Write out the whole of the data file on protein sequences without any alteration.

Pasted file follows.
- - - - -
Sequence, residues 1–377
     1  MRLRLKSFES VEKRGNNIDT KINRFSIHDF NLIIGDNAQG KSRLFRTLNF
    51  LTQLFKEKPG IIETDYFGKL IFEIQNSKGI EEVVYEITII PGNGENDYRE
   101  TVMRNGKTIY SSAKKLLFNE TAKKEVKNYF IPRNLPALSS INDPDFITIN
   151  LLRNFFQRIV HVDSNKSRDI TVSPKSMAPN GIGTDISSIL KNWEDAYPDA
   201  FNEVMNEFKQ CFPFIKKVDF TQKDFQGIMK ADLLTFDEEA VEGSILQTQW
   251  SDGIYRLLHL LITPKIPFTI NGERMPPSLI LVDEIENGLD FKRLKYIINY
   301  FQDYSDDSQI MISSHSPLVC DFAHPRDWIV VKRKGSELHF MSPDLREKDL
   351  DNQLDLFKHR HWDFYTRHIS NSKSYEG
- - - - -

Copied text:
Sequence, residues 1–377
     1  MRLRLKSFES VEKRGNNIDT KINRFSIHDF NLIIGDNAQG KSRLFRTLNF
    51  LTQLFKEKPG IIETDYFGKL IFEIQNSKGI EEVVYEITII PGNGENDYRE
   101  TVMRNGKTIY SSAKKLLFNE TAKKEVKNYF IPRNLPALSS INDPDFITIN
   151  LLRNFFQRIV HVDSNKSRDI TVSPKSMAPN GIGTDISSIL KNWEDAYPDA
   201  FNEVMNEFKQ CFPFIKKVDF TQKDFQGIMK ADLLTFDEEA VEGSILQTQW
   251  SDGIYRLLHL LITPKIPFTI NGERMPPSLI LVDEIENGLD FKRLKYIINY
   301  FQDYSDDSQI MISSHSPLVC DFAHPRDWIV VKRKGSELHF MSPDLREKDL
   351  DNQLDLFKHR HWDFYTRHIS NSKSYEG